Steve Jobs was ?annoyed and depressed? over initial reaction to iPad launch

Posted:
in iPad edited January 2014
Walter Isaacson's authorized biography of Steve Jobs has leaked additional details about how Apple's co-founder felt about the populist, disdainful attacks on the products his teams worked to produce, noting in particular the launch of last year's iPad.



Early in 2010, Apple arranged a special event specifically to unveil the iPad, but the media covering the event (which AppleInsider attended) heaped scorn and castigation on the new product, complaining about its inability to run Adobe Flash and deriding it as "just a big iPod touch."



In the new book, according to a report by the Huffington Post, Jobs reportedly told Isaacson that the immediate media backlash left him "annoyed and depressed."



The night of the iPad launch, Jobs confided with his biographer, "I kind of got depressed today. It knocks you back a bit."



Knocking on Jobs



Complaints were attached to nearly every aspect of the new tablet; a review of the media's coverage of the new iPad makes it clear that very few in the media (or among financial analysts) saw even a portion of the real potential of the new product, and they didn't come around until Apple began reporting its sales figures.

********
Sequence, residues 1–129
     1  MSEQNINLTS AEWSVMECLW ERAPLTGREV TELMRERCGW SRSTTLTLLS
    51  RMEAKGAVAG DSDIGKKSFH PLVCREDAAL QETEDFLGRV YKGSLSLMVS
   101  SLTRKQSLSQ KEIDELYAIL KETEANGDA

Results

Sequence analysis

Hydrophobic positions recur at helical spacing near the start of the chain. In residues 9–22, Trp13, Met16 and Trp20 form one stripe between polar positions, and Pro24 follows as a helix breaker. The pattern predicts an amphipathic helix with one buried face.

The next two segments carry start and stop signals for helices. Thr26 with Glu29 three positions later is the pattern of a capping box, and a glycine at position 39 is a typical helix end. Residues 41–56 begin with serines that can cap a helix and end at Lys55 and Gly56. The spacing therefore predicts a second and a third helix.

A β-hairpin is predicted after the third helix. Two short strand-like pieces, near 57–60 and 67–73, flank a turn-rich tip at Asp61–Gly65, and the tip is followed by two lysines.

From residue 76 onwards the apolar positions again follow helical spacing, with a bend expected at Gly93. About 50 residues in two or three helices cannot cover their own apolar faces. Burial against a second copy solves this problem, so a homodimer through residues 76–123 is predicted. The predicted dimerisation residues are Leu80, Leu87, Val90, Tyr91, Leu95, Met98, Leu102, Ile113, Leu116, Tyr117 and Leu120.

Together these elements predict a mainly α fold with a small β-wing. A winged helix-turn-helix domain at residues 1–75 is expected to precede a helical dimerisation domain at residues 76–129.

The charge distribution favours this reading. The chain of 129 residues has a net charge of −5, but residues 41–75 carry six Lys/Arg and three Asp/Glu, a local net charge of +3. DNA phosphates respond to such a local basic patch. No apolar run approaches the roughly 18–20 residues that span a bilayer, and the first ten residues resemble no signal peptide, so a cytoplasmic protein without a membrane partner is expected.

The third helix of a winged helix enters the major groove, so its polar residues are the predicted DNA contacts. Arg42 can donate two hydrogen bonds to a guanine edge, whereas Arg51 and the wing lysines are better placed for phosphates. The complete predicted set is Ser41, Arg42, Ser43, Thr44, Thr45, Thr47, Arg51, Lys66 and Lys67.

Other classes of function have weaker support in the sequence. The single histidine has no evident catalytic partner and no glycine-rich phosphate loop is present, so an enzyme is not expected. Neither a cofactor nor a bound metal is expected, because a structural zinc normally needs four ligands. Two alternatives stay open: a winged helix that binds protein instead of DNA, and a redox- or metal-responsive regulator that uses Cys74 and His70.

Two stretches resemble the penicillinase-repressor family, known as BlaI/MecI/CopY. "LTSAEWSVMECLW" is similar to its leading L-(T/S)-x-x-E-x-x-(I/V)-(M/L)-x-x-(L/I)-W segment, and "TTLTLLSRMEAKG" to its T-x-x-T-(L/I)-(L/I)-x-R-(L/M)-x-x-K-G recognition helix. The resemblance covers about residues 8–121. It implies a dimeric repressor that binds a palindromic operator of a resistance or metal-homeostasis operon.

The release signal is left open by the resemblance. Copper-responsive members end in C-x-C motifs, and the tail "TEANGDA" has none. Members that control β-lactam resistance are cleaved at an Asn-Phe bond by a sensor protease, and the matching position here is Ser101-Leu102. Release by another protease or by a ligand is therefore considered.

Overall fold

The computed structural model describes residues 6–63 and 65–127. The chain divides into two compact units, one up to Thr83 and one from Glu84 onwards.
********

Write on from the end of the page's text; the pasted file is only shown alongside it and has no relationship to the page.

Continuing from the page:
Expressing a rare standout opinion, David Pogue of the New York Times noted, "That [criticism] will last until the iPad actually goes on sale in April. Then, if history is any guide, Phase 3 will begin: positive reviews, people lining up to buy the thing, and the mysterious disappearance of the basher-bloggers."



But by and large, the iPad was equated with Tablet PC and the Amazon Kindle and mocked as "over-hyped and under-delivered," while pundits demanded 2.0 features a year early. Hours after the iPad's unveiling, the phrase "iPad a disappointment" became a "spicy" trending topic as ranked by Google. Bloggers offered top ten lists of "reasons not to buy" the iPad.







Dan Lyons of Newsweek, who had built a career around mocking Jobs and has had plenty of nice things to say about free equipment Microsoft has sent him to review, sniped "I haven't been this let down since Snooki hooked up with The Situation," at the launch of the original iPad, adding in his "insta-reaction" that "Jobs himself seems tired and low-key. Speculation about his health, and its impact on Apple's ability to innovate, may only increase after today's event."